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Compare annual regional

& local winter T°C during WWII;

N-Europe ./.  Stockholm

Annual, as well as winter temperatures fell to record low immediately after World War II had started. The shown images, annual ./. winter, give a good indication of what happened, whereby it is interesting to note that the winter 1941/42 was the harshest for Stockholm. This should not come so much as surprise as the Eastern Baltic Sea had been covered with the heaviest naval activities since the German Wehrmacht had ambushed the Soviet Union in June 1941. For six months the German and Russian navies seeks to destroy the enemies. The Baltic Sea was churned up-side-down.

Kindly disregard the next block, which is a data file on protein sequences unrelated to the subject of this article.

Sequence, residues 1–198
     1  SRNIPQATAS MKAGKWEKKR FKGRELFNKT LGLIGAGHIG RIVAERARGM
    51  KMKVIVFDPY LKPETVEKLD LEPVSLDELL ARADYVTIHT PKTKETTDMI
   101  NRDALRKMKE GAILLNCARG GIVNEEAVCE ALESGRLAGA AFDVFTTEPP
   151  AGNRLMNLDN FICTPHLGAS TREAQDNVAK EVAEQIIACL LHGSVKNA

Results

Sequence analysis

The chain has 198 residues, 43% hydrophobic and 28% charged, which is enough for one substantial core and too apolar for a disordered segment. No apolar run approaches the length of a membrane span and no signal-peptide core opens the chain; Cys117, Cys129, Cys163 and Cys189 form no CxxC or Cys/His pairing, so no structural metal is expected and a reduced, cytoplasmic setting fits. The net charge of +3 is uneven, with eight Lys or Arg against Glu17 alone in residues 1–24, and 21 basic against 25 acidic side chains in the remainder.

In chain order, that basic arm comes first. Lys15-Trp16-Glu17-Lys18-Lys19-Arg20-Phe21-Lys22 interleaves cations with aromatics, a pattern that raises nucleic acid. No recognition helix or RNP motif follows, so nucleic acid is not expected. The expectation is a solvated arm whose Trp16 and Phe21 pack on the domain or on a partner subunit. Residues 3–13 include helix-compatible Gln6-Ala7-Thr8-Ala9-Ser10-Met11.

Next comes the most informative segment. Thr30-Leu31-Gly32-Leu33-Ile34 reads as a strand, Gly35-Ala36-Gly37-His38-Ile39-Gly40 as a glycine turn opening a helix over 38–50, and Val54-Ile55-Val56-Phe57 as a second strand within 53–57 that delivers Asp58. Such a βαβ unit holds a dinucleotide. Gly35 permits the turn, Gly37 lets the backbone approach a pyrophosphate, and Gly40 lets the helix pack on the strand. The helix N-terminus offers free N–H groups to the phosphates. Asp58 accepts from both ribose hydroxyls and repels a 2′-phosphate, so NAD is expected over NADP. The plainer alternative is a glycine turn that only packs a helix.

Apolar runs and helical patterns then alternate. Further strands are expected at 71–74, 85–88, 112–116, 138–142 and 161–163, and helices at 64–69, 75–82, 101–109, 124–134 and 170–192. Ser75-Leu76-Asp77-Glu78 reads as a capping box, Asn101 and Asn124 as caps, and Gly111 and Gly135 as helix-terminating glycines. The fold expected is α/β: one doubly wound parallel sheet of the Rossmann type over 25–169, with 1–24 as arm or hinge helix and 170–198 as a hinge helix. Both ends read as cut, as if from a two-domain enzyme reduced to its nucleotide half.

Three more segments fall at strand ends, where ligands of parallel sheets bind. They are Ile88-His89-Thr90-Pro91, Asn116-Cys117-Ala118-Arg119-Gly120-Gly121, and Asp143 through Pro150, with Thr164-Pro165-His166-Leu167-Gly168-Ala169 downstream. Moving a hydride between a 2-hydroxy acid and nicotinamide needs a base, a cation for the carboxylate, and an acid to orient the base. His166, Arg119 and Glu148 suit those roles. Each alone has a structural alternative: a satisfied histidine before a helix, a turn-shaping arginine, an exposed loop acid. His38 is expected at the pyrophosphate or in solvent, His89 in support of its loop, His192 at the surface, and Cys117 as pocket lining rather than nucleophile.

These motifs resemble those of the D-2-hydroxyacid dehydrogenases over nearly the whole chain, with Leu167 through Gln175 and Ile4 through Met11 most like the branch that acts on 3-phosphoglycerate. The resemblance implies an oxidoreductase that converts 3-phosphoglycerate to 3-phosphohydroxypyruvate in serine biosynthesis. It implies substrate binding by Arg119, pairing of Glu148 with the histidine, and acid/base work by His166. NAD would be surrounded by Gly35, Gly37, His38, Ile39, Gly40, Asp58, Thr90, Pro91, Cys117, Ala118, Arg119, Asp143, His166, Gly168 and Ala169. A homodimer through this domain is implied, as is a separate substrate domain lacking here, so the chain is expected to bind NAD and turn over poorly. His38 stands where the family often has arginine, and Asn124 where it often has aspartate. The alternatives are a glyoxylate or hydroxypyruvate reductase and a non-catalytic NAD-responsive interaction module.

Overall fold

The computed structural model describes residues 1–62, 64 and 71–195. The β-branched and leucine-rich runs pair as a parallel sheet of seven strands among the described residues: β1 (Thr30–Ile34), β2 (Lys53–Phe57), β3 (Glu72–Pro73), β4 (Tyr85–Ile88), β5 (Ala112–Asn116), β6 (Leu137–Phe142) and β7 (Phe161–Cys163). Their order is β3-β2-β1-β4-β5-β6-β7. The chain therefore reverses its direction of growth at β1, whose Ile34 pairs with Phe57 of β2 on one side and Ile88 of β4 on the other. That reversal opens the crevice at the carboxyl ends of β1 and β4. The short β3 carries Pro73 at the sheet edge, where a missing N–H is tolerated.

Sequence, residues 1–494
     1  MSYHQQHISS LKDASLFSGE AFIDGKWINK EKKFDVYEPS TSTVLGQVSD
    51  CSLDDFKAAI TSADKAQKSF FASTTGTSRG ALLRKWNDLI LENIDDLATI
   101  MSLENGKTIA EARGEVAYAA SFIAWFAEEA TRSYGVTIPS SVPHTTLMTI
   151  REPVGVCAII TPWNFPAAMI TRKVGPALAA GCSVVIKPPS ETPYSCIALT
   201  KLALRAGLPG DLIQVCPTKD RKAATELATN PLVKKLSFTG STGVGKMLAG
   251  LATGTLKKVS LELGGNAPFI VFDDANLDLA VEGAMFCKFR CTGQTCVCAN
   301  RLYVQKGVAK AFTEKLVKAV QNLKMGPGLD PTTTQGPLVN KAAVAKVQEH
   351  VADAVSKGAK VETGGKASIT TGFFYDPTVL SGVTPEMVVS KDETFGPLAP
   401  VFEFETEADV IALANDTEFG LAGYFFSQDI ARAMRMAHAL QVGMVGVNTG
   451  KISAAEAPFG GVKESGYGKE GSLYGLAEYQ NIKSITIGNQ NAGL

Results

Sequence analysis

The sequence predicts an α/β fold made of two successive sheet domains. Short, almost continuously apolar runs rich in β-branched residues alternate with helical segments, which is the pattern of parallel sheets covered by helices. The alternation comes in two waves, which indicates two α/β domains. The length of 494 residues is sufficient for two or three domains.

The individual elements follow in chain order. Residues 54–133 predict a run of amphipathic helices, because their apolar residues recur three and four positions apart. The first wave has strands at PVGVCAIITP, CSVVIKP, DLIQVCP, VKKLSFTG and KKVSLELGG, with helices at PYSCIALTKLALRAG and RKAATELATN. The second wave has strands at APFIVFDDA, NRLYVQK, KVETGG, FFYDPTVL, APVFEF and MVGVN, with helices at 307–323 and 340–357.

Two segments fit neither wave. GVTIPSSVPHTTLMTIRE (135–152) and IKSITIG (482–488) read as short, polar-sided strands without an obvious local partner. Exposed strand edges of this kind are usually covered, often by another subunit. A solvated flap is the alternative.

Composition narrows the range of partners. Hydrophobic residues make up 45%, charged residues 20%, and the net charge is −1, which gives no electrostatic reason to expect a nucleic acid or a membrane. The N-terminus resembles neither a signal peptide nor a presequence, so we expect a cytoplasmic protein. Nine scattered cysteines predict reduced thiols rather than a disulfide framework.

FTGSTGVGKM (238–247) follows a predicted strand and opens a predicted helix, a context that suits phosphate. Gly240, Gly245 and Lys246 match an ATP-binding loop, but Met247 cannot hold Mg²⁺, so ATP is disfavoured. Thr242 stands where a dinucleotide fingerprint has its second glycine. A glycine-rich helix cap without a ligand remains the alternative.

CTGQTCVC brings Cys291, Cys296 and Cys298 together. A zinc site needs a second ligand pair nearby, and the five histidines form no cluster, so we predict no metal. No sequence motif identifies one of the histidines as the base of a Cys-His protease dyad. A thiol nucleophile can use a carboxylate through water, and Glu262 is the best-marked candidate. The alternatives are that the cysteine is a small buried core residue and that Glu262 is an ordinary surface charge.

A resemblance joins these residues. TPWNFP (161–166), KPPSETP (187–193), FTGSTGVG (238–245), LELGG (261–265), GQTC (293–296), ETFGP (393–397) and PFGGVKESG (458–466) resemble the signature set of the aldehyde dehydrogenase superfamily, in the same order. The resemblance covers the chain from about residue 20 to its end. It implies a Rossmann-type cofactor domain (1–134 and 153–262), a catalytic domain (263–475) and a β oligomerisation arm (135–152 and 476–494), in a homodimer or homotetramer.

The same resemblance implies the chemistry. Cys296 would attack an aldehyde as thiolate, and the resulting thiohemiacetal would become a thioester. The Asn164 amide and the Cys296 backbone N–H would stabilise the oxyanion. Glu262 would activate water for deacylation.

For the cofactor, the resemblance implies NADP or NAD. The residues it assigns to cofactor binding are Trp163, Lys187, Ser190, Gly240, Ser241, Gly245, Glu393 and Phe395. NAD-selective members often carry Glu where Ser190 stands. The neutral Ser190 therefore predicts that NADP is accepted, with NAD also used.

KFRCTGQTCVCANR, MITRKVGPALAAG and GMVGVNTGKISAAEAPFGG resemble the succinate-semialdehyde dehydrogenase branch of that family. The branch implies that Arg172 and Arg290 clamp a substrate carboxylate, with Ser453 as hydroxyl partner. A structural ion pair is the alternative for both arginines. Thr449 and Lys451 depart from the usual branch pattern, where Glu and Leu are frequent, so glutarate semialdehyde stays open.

The Swedish meteorologist Gösta H. Liljequist[1] wrote immediately after the extraordinary winter 1941/42 (excerpt):

“The winter 1941/42 was colder than the winters 1939/40 and 1940/41. At Stockholm it was one of the very coldest winters since 1756, when regular temperature observations were started. If we graduate the severity of a winter according to the value of the mean temperature of the three coldest months of the winter half year, 1941/42 is found to be the coldest winter since 1756. “


Chapter: 3_21

Book Page: 179

File: 995_III_TEuropeNorth

Image: 2010/